Chelios wouldn't leave the Red Wings until after the 2008-09 season. He was a defensive stalwart for the Red Wings as they would win two cups during his time with the club. Eriksson would only have 41 points in 97 games with the Hawks. Neither draft pick would pan out for the Hawks either. The team would struggle on for a few years before the pieces of this new dynasty started falling into place.

5 Best: Acquiring Chris Chelios

via nhl.com

What were the Montreal Canadiens thinking? After seven solid years as a defenseman for the club, the Canadiens traded Chris Chelios and a 1991 2nd round pick to the Blackhawks in exchange for Denis Savard. The president of the Canadiens (Ronald Corey) was worried how Chelios's off-ice activities would reflect on his company (Molson Breweries). Corey demanded the team move Chelios immediately, so the Habs never got fair value for their young star defenceman.

Chelios would have a great career as a member of the Blackhawks. Chelios would play nine years with the club, adding 487 points in 664 games with the Hawks. The Blackhawks would eventually move Chelios in a horrible move of their own. Savard would only play three seasons in Montreal, compiling 179 points in 210 games.

4 Worst: Trading Dominik Hasek

via nhl.com

On August 7th, 1992 the Chicago Blackhawks traded Dominik Hasek to the Buffalo Sabres for goalie Stephane Beauregard and a 1993 4th round pick. The Hawks used the pick on Eric Daze (more on him later). Ed Belfour was the clear stater in Chicago, and the Hawks had Jimmy Waite as a backup. They decided that their young prospect Hasek was expendable. All Hasek would go on to do was win six Vezinas, two Hart trophies and two Stanley Cups. He single-handedly carried the Sabres to the cup final in 1999. Hasek would end his hall of fame career with the Red Wings where he would win his two cups. The Hawks traded Beauregard three days later to the Jets for Christian Ruuttu.

At least Eric Daze would become a big part of the Blackhawks. Daze would play for the Hawks for over a decade, scoring 226 goals including four seasons with 30 or more. He was a solid player but Hasek is one of the all-time greats.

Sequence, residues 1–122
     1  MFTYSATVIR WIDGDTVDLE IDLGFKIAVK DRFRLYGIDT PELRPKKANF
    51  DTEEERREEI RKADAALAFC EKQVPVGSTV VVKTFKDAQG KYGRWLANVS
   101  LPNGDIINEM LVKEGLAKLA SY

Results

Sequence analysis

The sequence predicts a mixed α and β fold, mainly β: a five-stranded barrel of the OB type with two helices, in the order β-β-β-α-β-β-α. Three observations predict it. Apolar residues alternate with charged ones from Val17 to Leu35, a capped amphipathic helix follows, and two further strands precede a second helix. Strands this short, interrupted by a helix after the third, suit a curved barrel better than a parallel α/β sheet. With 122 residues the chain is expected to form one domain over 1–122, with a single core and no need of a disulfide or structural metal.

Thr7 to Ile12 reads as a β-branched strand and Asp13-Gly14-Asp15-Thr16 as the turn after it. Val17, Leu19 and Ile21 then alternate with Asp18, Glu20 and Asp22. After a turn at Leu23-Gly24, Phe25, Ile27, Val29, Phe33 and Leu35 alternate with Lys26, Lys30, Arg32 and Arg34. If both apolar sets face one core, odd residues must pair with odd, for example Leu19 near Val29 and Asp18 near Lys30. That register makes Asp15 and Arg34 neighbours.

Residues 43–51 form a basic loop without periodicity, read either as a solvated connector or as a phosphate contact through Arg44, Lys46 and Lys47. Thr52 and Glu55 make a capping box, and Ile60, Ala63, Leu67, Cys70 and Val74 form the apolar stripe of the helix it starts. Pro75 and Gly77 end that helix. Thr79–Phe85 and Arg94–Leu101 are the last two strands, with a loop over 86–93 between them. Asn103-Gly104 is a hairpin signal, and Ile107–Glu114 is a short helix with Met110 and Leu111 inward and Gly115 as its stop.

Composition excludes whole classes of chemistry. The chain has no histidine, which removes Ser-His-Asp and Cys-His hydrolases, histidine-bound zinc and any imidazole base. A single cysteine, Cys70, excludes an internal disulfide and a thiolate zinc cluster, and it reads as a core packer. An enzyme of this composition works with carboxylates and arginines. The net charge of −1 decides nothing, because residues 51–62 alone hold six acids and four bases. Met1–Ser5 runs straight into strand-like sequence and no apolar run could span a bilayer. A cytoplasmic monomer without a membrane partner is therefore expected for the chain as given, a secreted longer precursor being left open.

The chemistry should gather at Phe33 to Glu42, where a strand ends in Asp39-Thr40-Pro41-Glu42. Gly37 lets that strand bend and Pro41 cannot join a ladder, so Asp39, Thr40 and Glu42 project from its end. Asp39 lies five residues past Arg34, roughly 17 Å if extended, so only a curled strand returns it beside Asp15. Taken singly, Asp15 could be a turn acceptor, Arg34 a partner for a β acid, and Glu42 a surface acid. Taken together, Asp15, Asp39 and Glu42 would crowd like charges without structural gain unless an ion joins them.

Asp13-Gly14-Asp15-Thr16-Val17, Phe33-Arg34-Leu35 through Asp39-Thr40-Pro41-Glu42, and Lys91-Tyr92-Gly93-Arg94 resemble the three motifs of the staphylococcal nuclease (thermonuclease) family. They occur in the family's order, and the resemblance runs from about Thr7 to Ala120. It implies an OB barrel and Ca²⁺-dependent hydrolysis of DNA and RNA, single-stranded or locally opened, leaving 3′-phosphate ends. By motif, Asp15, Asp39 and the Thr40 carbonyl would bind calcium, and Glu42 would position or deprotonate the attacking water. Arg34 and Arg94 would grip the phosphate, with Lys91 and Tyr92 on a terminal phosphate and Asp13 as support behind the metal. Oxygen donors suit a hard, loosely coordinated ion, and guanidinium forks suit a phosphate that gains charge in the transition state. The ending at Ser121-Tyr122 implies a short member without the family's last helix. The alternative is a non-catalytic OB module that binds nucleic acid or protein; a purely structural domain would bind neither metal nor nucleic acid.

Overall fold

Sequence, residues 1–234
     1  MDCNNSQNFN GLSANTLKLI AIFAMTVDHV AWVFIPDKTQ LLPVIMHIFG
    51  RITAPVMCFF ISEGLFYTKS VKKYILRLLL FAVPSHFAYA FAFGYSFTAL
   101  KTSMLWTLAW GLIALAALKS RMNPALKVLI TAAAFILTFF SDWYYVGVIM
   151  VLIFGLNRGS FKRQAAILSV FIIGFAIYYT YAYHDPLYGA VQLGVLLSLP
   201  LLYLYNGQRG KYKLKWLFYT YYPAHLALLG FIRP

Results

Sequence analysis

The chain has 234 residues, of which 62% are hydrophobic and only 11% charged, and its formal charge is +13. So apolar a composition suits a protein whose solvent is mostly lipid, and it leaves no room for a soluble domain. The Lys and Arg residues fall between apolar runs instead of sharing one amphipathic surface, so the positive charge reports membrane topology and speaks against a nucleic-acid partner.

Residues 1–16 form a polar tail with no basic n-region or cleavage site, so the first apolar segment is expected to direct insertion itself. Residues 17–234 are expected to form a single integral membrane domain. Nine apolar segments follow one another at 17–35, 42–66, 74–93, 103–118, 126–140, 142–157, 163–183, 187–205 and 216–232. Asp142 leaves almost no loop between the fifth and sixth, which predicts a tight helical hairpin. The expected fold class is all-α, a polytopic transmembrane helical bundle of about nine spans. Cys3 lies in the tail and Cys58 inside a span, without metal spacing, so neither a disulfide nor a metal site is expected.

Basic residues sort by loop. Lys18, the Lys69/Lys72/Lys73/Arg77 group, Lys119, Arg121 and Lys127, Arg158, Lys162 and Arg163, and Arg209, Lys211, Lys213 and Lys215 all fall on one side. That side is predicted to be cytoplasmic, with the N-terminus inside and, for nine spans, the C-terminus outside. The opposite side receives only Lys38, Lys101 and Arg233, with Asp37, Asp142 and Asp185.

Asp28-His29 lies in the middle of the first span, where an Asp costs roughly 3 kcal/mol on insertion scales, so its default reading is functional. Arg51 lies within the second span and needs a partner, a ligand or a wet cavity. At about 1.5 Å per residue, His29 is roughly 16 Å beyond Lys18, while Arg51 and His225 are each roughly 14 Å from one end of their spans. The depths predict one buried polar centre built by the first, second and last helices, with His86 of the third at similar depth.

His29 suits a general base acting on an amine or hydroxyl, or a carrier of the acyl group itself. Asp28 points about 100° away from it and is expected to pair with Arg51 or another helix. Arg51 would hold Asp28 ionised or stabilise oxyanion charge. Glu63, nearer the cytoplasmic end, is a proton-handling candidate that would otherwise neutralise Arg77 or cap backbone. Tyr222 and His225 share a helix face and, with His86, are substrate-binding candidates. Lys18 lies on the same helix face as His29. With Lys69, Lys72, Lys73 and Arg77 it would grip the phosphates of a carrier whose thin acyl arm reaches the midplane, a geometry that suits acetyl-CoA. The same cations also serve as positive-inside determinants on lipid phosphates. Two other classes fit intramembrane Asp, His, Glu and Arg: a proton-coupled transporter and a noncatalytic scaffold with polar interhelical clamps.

3 Best: Trading For Patrick Sharp

Mike DiNovo-USA TODAY Sports

It's easy to forget that the 'Hawks didn't originally draft Sharp, as the team that did draft him, Philly, took him in the third round of the 2001 draft. Sharp's time in a Flyers uniform was pretty forgettable, as he had difficulty staying healthy. He made his NHL debut in the 2002-03 season but spent much of the next two years in the AHL with the Philadelphia Phantoms. Sharp would end up playing 22 games for the Flyers following the lockout before he was sent off to Chicago along with Eric Maloche in exchange for Matt Ellison and a third round pick.

Sharp would spend the next 10 years in Chicago, and was an essential part of the team's core that won three Stanley Cups in a six-year span. And all it took was sending Ellison and a third to Philly.

2 Worst: Trading Phil Esposito

via nhl.com

On May 15th, 1967 The Blackhawks made a trade that affected their team for decades to come. The Hawks made a blockbuster trade, moving Ken Hodge Sr., Phil Esposito and Fred Stanfield to the Boston Bruins for Jack Norris, Pit Martin and Gilles Marotte. Esposito signed with the Hawks as a teenager in 1960. He quickly became a first line player, teaming up with Hawks great Bobby Hull.

The Blackhawks were the big losers of this deal. Phil Esposito became one of the all-time great players in NHL history. Esposito would hold the record for most goals in a season until Wayne Gretzky came around. He would win two cups with the Bruins. Esposito would play nine seasons in Boston scoring 459 goals and added 553 assists in 625 games. Stanfield and Hodge were also top players for the Bruins, helping the team become a powerhouse in the early 1970s. Pit Martin would have a solid career for the Blackhawks (627 points in 740 games over 11 seasons) but he was nothing compared to Esposito.

1 Best: Drafting Jonathon Toews

Brad Rempel-USA TODAY Sports

From 1997 until 2008 the Chicago Blackhawks only made one playoff appearance (in 2000-01 and were eliminated in five games) The tide started to shift in the early 2000s as the Blackhawks made some solid picks in the draft. In 2006 they selected their fearless leader. The Blackhawks were fortunate that Jonathan Toews was still available when they picked him #3 overall. Both the Blues and the Penguins regret not taking "Captain Serious".

Since debuting in the NHL, Toews has become one of the premier two-way forwards. He has led the Blackhawks to three Stanley Cup wins and played a big part in two Olympic Gold Medal wins by Team Canada. A team is only as good as its leader and Toews is one of the best in the NHL.

More in NHL